Lila Avilés’ affecting second feature explores the essence of impending loss through the eyes of a young child.
You might already be familiar with the widespread superstition that if you hold your breath and make a wish while driving through a tunnel, and manage to make it through the other side without breathing out, that wish will come true. Lila Avilés’ lyrical new film opens with this very scene as a seven-year old girl Sol (Naíma Sentíes) is sitting in the backseat of her mother Lucía’s (Iazua Larios) car surrounded by a bundle of balloons. The assumption that they could be headed to another child’s birthday party quickly dissipates when Lucía asks Sol what she had wished for, to which she responds with, “I wish that daddy will not die”.
It soon becomes apparent that the fête in question is to celebrate her father, Tona’s (Mateo Garcia) birthday. The film unfolds as Sol arrives at her grandfather’s home, where preparations are taking place for the surprise party, whilst Tona’s advanced stage of illness keeps him confined, bed-ridden and voluntarily isolated in the darkness of his bedchambers so as to spare his family, particularly his daughter, the sight of his deteriorating physical condition. Diego Tenorio’s cinematography is exquisite, his lens carefully delineating the interiors of a large residence that appears to be home to a seemingly tight-knit family made up of grandfather Roberto (Alberto Amador), his daughters Nuria (Montserrat Marañón), Alejandra (Marisol Gasé) and Ester (Saori Gurza) and their own children of varying ages who wander in and out of the picture.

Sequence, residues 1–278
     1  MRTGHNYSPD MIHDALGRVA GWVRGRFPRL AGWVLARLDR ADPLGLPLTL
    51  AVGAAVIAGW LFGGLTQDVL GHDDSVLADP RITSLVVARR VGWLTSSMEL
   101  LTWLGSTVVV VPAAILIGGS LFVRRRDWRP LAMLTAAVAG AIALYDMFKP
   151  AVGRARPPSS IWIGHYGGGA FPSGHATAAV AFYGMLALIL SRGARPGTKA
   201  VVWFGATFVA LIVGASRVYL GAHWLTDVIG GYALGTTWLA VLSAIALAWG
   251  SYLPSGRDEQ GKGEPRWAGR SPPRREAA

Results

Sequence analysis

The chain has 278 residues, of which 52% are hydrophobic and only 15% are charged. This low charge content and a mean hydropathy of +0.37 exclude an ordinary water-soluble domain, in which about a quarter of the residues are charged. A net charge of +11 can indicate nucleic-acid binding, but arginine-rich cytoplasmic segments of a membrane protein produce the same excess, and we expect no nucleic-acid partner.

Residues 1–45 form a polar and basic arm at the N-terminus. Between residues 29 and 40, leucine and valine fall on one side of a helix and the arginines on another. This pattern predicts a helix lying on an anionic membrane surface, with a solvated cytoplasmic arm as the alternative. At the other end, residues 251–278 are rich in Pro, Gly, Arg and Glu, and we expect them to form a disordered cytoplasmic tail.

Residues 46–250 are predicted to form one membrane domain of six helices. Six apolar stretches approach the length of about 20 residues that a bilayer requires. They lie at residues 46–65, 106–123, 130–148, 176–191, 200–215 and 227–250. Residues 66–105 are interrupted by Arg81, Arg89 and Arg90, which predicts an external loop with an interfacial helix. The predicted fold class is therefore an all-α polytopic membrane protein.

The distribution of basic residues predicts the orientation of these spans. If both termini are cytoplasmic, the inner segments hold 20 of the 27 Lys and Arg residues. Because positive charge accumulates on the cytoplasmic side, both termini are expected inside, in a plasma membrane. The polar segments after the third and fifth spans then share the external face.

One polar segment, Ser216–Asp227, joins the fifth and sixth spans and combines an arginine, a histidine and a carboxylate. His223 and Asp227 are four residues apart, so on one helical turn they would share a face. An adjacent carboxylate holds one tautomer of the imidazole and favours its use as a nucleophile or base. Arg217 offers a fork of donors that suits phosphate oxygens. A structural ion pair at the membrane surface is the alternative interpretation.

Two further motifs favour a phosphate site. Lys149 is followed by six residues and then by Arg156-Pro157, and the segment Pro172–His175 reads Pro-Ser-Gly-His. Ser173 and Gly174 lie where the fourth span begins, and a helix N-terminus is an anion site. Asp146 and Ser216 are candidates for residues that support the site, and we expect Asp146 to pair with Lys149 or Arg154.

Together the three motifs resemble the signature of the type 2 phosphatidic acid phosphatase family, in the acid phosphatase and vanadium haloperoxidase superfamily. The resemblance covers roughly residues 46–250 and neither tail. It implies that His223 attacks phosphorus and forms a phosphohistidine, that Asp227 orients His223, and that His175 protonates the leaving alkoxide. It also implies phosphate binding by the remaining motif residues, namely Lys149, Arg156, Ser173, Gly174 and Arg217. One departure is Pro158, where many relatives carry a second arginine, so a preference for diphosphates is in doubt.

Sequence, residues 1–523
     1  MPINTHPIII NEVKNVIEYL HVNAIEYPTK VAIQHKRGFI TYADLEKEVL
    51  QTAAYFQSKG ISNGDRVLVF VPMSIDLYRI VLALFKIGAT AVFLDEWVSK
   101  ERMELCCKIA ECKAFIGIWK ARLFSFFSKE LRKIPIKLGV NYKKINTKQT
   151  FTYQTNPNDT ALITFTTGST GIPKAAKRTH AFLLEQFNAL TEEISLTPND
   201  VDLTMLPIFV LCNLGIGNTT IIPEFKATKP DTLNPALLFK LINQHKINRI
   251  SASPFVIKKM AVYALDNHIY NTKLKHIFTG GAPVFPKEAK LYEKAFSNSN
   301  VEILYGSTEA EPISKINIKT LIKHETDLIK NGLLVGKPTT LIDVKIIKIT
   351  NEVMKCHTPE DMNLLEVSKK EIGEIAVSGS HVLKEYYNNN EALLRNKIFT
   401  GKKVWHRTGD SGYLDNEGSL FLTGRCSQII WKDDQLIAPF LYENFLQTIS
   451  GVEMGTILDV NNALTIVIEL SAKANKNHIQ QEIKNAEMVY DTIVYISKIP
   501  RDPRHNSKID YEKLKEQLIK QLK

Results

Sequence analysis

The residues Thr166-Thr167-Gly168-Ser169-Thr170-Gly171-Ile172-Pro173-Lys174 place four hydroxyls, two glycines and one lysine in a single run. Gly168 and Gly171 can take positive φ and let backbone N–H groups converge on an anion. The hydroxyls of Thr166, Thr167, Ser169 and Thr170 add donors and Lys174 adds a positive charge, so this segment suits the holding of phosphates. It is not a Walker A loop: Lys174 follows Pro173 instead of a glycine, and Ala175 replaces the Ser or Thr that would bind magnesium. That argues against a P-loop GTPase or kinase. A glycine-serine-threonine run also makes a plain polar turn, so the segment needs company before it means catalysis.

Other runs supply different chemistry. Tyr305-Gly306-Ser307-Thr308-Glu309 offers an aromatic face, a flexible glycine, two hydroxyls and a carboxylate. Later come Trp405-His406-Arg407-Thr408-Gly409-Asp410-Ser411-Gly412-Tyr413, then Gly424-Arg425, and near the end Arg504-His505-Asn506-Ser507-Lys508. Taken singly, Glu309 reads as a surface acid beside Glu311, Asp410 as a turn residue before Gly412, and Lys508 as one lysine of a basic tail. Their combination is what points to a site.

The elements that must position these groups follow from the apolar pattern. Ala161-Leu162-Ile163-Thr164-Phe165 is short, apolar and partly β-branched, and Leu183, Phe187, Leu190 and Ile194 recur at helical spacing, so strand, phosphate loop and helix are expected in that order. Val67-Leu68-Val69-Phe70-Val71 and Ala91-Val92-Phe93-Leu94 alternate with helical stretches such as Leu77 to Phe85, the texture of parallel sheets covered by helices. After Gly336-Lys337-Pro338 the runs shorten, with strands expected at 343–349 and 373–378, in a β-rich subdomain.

Each character within this sprawling multigenerational cast feels incredibly fleshed out, lived in, and true to life, and Avilés elegantly shifts the focus from one family member to the other. The trust between her and the cast feels palpable and grounded by her intuitive direction, especially in the case of the young Naíma Sentíes, whose inquisitive character anchors the entire ensemble as she wanders around the home, placing slugs on paintings, building pillow forts and eavesdropping on conversations in anticipation of the moment she finally gets to reunite with her father.
There is a rich, transfixing level of detail within Tótem’s natural symbolism – it’s tactile and never heavy-handed. The film’s intimate visual storytelling and technical prowess are further bolstered by an impressive sound design and sharp editing, both guided by the principle of “show, don’t tell” and culminating in an extra-sensory experience. And although unequivocally underpinned by profound sadness and impending loss, a tender spirit of warmth and levity permeates the screen, sustaining a buoyancy that keeps the film from sinking into mawkish waters.
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Published 20 Feb 2023
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